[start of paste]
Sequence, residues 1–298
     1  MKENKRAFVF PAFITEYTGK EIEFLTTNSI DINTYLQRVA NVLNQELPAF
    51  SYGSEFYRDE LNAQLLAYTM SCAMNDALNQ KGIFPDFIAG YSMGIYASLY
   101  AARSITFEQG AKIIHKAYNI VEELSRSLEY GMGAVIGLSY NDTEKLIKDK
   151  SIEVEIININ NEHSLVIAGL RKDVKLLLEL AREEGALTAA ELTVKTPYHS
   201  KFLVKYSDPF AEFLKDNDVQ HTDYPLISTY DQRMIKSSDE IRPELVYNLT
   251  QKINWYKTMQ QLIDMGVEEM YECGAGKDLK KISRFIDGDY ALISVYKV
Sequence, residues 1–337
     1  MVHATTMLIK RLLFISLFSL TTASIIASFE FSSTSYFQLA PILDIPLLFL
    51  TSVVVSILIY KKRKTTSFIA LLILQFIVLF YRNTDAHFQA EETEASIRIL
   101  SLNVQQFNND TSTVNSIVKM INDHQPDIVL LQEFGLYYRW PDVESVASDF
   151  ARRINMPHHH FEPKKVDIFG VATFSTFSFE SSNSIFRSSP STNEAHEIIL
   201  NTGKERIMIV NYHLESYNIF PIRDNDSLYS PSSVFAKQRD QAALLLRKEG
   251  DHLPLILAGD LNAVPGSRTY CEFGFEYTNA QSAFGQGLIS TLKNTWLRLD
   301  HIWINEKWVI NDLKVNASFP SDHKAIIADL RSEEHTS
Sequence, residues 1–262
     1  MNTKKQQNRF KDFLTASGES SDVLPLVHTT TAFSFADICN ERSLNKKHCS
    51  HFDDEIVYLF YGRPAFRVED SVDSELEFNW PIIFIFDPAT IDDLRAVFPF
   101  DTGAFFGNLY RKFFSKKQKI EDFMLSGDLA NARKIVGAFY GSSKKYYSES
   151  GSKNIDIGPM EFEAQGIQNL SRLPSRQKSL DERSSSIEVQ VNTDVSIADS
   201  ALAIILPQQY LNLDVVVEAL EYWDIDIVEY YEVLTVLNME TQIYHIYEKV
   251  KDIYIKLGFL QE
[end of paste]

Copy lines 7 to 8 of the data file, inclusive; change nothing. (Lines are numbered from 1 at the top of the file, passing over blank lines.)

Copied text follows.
   251  QKINWYKTMQ QLIDMGVEEM YECGAGKDLK KISRFIDGDY ALISVYKV
Sequence, residues 1–337